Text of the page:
Parks and Open Space: The Highest and Best Use of Public Land?


  • John L. Crompton


park land, open space, cost of community services analysis, fiscal impact analysis, residential development, growth.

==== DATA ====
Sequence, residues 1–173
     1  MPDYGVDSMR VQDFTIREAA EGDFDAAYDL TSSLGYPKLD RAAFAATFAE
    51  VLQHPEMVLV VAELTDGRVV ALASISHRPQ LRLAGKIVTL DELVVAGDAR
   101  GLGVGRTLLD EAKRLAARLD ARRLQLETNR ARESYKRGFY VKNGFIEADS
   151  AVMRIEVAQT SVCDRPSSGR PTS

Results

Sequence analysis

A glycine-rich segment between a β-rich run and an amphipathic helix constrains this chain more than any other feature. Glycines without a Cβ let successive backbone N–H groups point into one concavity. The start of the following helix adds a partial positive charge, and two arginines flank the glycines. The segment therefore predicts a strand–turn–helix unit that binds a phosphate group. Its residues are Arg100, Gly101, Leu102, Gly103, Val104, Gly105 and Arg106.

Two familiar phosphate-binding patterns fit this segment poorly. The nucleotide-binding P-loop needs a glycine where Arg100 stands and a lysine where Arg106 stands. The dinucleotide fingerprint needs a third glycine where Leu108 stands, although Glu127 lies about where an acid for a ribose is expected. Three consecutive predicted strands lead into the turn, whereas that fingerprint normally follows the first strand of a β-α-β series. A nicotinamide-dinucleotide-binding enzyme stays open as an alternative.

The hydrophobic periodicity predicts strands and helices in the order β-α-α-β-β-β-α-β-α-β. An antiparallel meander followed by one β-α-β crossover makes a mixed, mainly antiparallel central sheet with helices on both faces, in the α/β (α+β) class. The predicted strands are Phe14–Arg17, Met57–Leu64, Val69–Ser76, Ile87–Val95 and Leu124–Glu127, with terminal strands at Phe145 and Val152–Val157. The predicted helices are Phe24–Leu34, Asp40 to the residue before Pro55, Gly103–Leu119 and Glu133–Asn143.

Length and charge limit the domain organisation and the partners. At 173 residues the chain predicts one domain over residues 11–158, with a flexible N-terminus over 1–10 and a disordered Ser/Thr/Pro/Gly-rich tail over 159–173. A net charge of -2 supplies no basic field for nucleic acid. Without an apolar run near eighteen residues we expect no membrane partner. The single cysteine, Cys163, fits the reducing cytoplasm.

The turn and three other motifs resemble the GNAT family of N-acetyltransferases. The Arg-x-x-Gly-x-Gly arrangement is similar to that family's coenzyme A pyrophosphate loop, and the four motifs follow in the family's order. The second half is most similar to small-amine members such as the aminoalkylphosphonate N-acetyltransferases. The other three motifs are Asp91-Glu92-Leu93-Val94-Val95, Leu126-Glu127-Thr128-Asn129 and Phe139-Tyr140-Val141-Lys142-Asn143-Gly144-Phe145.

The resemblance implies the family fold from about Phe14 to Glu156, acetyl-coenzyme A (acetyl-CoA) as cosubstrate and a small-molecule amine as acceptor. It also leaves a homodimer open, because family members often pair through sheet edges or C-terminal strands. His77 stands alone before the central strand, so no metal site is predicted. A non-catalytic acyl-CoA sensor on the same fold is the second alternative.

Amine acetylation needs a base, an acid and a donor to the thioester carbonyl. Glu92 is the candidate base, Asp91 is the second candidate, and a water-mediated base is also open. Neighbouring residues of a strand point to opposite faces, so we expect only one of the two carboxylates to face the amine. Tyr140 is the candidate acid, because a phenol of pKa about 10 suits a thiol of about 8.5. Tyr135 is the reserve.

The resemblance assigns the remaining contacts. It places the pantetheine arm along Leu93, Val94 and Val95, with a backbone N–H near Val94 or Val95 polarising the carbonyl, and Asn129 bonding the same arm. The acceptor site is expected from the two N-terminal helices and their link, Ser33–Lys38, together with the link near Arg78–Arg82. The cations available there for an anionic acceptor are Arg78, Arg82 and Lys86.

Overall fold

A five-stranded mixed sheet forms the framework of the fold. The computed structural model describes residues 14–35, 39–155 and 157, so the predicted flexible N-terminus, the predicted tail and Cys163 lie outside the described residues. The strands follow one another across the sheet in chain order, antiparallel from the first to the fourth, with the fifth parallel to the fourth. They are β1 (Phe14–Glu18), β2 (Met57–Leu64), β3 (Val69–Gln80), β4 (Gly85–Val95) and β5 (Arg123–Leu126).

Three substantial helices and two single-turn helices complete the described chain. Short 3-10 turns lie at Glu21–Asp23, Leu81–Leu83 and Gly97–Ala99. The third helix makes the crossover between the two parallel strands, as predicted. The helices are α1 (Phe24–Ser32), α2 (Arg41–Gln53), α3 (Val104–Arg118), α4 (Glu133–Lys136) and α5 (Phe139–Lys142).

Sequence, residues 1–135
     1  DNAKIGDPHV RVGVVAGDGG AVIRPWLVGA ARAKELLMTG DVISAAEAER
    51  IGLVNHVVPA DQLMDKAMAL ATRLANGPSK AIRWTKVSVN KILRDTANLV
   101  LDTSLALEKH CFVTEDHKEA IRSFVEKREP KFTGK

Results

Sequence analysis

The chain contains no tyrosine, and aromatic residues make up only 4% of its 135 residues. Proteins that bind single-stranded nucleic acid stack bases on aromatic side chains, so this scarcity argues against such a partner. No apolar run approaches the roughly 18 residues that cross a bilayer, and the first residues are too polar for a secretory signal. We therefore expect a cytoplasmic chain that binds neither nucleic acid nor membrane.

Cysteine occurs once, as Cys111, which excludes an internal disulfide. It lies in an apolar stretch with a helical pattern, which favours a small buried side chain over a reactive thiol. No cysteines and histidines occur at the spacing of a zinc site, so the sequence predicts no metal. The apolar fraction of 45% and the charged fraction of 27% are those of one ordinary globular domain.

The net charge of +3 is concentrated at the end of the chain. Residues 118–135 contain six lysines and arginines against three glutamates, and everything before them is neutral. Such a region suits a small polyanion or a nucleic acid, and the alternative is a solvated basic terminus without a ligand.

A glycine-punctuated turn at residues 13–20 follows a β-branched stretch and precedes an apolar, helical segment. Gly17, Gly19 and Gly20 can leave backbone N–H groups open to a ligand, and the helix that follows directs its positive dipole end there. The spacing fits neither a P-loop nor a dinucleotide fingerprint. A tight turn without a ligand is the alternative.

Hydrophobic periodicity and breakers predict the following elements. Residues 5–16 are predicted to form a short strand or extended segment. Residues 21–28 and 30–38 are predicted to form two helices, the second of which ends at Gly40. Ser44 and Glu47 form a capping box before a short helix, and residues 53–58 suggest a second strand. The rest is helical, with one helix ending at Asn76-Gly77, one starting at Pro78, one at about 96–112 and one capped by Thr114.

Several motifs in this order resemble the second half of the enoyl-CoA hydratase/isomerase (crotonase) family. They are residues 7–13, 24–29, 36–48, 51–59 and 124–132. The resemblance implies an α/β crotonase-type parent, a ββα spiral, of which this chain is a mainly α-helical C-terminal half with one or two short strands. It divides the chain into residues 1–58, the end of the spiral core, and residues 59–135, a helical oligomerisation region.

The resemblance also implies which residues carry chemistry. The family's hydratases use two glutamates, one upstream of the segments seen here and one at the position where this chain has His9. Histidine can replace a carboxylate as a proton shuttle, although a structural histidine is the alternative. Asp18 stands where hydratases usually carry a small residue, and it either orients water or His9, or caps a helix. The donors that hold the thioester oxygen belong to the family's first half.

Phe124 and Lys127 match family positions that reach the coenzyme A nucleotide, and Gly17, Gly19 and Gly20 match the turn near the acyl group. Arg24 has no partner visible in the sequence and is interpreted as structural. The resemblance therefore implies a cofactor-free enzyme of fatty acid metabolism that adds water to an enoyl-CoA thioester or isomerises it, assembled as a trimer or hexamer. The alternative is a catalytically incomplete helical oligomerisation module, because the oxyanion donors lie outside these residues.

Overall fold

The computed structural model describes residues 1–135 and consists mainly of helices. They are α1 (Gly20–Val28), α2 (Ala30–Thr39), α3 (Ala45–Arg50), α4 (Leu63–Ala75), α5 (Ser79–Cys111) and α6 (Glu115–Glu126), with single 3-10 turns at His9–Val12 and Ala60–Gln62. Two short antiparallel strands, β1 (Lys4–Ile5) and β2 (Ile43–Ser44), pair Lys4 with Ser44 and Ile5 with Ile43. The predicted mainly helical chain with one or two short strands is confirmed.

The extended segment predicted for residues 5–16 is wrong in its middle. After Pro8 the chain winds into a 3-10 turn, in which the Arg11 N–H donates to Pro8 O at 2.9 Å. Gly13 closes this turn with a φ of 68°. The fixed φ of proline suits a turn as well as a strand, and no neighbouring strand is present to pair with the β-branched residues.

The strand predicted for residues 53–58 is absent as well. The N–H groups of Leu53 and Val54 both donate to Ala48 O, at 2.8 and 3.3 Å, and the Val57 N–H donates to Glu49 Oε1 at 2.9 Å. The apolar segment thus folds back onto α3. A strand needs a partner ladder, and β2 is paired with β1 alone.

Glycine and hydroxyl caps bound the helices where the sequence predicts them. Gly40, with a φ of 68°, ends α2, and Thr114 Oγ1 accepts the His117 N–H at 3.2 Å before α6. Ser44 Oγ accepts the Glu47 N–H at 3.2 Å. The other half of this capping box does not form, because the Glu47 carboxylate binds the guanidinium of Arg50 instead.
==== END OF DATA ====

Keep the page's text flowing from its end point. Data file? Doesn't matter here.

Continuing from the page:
Parkland advocates frequently find themselves in conflict with residential developers over the appropriate use for a piece of land. Invariably developers argue that their projects will expand the tax base and, thus, reduce existing residents’ property taxes. The paper summarizes the results from over 70 empirical studies that suggest that instead of leading to a reduction in property taxes, the consequence of residential development is usually a net increase in the property taxes paid by existing residents. These studies have used cost of community services analyses (COCS) to derive their conclusions. They consistently report that over a wide range of residential densities, and especially in rapidly growing communities, the public costs associated with residential development exceed the public revenues that accrue from it. The median net cost of residential development in the over 70 case studies reviewed was 15%. Thus, if the annual tax yield to a community was $1 million from a residential development, the median cost of servicing the development was $1.15 million. In this case, if the operation and maintenance costs associated with using the land as a park or open space were less than $150,000, then it would be a more cost effective use of the land for the community than residential development. Examples are given of communities in which COCS analyses have resulted in decisions to purchase land for open space rather than incur the likely losses from residential development.A detailed review of the COCS case studies revealed three useful insights. First, communities with larger and rapidly growing populations appeared to experience greater net deficits on their residential land than did communities with smaller, more stable populations. Second, the use of a broad residential development category that was adopted in all of these studies often obscures substantial differences within it. For example, it has been shown that the more sprawling the growth, the higher the cost. Third, education costs are the major contributing source to the residential property deficits.These findings provide park advocates with a credible entré into the economic development discussion and enable them to position parks as being a key component in a community’s economic viability. By showing their relative fiscal strength compared to residential development, advocates can refute the notion that parklands are a drain on local resources. The goal is not to prevent growth, but to encourage a balance between development and open space.